During World War II, two members of the Italian resistance movement held as prisoners on the island of Ventotene off the coast of Naples drafted a manifesto. The statement encouraged the creation of a federation of European states to curb nationalism and war, an idea that gave birth to the European Union (EU).
Seventy-five years later, the leaders of Germany, France, and Italy will gather on the island to discuss how to keep the EU together.
German Chancellor Angela Merkel, French President François Hollande, and Italian Prime Minister Matteo Renzi will visit Ventotene Monday to talk about the bloc’s economic and migrant policies in the wake of the British referendum to leave the EU. The meeting will come ahead of a EU summit about Brexit in September in Bratislava, Slovakia.
Monday’s meeting is also a show of unity among the three countries, as Brexit has set off musings among other member states to leave the soon-to-be 27-member bloc.
"Monday aims to show the unity of Europe's three biggest countries, but not to create a specific club," a French diplomatic source told Reuters.
One agenda item the three leaders will discuss is the economy. After Germany, Britain is the second-largest economy in the EU. Following the British referendum on June 23, economic growth in the EU slowed during the second quarter. Ms. Merkel, Mr. Hollande, and Mr. Renzi are expected to speak about how to reinvigorate the economy and increase employment.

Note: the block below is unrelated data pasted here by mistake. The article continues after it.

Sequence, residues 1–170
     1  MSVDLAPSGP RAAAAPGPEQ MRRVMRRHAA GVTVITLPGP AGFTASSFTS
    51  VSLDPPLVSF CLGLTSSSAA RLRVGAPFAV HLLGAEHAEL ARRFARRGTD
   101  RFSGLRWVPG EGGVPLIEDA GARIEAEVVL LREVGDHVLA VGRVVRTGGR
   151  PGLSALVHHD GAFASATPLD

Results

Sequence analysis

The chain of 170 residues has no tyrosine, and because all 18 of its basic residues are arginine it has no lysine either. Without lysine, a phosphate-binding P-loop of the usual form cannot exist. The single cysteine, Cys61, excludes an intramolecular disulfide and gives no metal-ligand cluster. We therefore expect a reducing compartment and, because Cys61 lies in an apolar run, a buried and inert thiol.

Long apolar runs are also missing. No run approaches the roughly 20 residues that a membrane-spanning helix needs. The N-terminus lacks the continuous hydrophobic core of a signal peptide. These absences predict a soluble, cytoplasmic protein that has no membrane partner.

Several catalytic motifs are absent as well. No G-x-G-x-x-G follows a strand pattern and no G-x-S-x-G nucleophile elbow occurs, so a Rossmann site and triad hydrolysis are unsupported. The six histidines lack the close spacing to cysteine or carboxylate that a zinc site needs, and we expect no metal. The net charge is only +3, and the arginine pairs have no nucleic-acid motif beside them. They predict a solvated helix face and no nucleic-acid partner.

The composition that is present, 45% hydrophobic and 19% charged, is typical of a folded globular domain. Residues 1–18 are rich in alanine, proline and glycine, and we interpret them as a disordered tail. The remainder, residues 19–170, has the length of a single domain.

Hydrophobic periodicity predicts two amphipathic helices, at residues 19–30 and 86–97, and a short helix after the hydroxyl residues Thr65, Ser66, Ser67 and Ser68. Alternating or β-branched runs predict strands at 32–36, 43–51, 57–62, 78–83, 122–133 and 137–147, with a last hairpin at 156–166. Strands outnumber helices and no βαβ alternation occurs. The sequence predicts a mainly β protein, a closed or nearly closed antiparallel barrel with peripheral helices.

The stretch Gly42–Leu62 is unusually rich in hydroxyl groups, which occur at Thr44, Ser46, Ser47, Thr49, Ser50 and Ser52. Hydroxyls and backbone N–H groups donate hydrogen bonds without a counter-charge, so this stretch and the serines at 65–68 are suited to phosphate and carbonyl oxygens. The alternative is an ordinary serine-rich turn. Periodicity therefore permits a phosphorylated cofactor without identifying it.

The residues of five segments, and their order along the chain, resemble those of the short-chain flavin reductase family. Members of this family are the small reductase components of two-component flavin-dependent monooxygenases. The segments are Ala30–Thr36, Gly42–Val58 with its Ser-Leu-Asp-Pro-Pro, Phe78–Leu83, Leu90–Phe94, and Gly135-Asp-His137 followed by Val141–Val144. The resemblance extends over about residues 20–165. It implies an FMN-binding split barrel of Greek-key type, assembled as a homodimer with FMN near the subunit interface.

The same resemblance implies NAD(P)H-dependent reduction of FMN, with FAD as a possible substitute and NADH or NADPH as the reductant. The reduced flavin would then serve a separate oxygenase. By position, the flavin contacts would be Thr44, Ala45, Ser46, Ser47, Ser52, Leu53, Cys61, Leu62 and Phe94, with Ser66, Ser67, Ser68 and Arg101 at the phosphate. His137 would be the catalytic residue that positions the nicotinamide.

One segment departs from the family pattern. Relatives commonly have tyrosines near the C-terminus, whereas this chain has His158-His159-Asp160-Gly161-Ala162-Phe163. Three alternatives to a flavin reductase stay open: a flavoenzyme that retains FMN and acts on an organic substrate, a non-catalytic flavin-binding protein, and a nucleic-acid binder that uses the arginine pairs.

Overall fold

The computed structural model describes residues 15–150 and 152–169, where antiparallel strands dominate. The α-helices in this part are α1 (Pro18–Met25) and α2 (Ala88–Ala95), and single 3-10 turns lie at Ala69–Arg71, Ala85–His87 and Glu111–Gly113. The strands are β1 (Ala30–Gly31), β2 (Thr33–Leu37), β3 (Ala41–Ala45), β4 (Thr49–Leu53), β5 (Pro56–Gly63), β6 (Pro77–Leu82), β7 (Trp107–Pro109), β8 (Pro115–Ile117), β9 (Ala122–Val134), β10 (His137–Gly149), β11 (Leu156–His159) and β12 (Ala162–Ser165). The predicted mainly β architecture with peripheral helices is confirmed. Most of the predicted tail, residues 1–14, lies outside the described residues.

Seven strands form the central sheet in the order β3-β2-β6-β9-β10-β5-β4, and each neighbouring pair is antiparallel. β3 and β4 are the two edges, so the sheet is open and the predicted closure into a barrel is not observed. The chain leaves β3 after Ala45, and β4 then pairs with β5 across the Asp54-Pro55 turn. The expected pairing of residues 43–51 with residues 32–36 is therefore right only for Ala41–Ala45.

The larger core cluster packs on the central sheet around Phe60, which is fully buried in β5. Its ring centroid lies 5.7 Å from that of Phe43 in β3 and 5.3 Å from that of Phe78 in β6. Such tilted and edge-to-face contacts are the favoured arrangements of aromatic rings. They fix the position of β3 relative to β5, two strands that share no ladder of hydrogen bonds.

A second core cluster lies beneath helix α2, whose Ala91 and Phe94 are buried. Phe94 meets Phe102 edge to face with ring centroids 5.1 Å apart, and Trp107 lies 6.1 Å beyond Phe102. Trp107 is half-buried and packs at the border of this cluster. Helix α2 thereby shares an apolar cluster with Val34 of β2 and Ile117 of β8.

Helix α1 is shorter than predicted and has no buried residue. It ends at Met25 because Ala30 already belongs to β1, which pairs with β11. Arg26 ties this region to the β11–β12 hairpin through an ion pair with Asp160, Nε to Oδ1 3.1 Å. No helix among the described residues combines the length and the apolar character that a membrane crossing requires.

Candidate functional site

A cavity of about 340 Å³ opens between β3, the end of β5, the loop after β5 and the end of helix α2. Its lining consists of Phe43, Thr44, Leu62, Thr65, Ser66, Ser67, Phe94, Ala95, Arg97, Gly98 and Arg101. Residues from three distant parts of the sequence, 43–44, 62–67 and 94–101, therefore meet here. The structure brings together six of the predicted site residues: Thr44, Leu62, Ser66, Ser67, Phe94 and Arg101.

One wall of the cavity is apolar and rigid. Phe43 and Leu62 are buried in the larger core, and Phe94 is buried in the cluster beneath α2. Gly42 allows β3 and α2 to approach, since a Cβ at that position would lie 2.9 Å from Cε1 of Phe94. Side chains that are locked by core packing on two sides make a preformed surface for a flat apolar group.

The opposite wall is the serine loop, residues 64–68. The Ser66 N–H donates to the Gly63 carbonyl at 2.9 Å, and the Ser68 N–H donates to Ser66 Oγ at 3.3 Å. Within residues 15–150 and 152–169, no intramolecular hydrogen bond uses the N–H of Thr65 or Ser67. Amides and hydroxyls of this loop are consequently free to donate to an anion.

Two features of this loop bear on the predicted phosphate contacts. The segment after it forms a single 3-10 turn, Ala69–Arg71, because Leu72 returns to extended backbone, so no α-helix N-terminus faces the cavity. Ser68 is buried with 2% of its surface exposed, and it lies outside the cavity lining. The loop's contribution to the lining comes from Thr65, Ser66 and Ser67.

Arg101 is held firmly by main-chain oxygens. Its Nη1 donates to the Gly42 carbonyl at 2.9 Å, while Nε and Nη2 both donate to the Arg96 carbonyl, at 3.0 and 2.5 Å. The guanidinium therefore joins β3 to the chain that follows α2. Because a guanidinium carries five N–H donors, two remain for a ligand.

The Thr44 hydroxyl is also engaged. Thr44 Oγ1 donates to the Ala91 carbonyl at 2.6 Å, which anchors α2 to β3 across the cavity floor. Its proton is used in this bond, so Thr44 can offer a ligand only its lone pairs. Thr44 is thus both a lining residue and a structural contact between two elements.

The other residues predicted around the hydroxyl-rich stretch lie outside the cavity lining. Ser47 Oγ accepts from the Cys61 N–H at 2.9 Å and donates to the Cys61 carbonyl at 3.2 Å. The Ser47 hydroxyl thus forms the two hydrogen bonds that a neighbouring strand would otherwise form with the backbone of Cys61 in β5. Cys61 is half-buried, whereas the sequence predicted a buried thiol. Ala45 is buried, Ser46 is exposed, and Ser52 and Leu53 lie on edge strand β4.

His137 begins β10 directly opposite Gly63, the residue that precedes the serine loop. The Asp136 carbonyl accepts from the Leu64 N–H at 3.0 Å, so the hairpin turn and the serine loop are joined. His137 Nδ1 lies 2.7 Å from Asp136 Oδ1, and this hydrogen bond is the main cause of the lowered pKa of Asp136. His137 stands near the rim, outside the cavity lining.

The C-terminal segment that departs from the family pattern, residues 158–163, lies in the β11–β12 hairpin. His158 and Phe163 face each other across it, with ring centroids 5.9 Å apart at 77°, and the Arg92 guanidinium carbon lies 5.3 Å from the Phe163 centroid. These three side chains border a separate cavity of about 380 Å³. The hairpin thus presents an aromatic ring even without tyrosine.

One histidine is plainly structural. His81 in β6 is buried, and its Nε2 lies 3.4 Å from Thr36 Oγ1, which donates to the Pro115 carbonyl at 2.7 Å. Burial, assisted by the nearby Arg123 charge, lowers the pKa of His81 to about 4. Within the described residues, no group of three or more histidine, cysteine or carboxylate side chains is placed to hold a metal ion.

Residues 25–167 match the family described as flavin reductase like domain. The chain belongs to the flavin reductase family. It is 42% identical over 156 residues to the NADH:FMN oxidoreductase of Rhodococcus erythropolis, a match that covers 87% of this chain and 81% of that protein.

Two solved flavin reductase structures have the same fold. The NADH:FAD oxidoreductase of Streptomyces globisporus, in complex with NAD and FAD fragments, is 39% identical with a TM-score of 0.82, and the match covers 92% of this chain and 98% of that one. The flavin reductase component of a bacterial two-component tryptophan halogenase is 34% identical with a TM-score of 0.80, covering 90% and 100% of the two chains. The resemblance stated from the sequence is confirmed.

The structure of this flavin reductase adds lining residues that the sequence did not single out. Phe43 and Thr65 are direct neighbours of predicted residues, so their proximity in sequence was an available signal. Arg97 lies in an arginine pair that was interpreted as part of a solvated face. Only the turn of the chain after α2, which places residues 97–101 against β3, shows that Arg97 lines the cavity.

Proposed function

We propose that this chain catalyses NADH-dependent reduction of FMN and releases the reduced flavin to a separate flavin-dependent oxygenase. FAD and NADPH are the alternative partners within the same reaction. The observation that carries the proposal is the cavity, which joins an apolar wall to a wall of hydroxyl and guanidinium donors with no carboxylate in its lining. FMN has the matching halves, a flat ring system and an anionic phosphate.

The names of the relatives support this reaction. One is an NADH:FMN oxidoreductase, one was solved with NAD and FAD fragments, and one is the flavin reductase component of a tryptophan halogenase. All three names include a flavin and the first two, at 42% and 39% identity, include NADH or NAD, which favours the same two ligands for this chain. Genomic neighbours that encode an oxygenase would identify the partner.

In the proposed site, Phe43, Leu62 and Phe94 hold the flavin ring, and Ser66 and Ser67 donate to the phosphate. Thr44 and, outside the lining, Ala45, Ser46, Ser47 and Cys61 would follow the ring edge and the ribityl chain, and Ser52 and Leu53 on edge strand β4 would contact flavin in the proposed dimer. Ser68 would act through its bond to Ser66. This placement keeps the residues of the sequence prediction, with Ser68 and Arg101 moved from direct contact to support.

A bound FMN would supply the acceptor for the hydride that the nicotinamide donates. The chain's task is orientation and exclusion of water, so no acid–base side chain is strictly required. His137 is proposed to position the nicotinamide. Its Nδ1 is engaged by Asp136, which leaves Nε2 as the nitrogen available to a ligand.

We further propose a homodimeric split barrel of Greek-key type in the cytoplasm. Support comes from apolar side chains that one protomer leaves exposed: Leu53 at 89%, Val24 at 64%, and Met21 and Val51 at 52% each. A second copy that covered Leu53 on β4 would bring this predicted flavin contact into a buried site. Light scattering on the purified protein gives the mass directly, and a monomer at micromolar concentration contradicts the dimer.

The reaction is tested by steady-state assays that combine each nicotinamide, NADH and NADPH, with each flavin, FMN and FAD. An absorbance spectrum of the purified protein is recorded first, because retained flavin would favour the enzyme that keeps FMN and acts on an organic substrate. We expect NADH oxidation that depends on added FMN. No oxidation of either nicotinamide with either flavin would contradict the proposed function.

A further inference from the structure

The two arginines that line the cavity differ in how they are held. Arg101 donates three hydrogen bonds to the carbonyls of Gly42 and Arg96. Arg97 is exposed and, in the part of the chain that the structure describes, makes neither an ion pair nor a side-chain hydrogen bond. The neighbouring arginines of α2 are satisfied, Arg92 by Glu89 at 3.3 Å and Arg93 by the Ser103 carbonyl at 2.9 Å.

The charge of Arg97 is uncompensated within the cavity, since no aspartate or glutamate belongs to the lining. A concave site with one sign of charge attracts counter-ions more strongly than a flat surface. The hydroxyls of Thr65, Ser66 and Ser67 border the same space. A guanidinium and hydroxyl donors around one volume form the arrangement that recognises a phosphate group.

"They will be coming to discuss how to relaunch Europe from the bottom up, there's a big need," Mr. Renzi said Sunday, about Merkel and Hollande’s visit. "Relaunching Europe is a totally open game but it needs to be played."
Yet, the three leaders will come to the table with different outlooks.
France supports Renzi's push for expansionary measures and against austerity. According to a French diplomatic source, Hollande also wants the doubling of a EU-wide investment plan. Germany is likely to oppose any undermining of Europe's deficit and the debt constraint.
The leaders are also expected to speak about Islamic extremism and violence and the migrant crisis, which has overloaded Italy.
The meeting comes as other EU members have questioned its policies and structure. Hungarian Prime Minister Viktor Orbaán has called a referendum for Oct. 2 on whether to accept any future EU migrant settlement quotes. His administration has opposed EU migrant policies, even building razor-wire fences along the country's borders with Serbia and Croatia last year to stop the flow of migrants.
EU officials also fear the Netherlands will call its own referendum to leave the bloc. Geert Wilders, head of the Netherlands' Party for Freedom, has mentioned a "Nexit."
While Brexit has proved a divisive line in parts of Europe, it has brought other nations and nationalities closer to the EU. One region eyeing becoming a part of the bloc is Catalan in Spain.
"We are willing, almost eager, to cede sovereignty to Brussels," Andreu Mas-Colell, the former Catalan minister of economy and knowledge in the regional government until January 2016, told the Christian Science Monitor’s Sara Miller Llana earlier this month "because Brussels respects us and Madrid doesn't."
If today’s great shake-up of the European Union, via rising nationalism and Brexit, has caused a general rethink about the repercussions of rocking the status quo too hard, Catalan secessionists are not cowed. They are barreling forward with plans to create an independent state.
Brexit may force the EU to reveal its pragmatic side as it seeks to maintain a special relationship with Britain despite its decision to leave. “It is going to be another example of how it can … find flexible solutions to complex and difficult situations.”
This report contains material from the Associated Press and Reuters.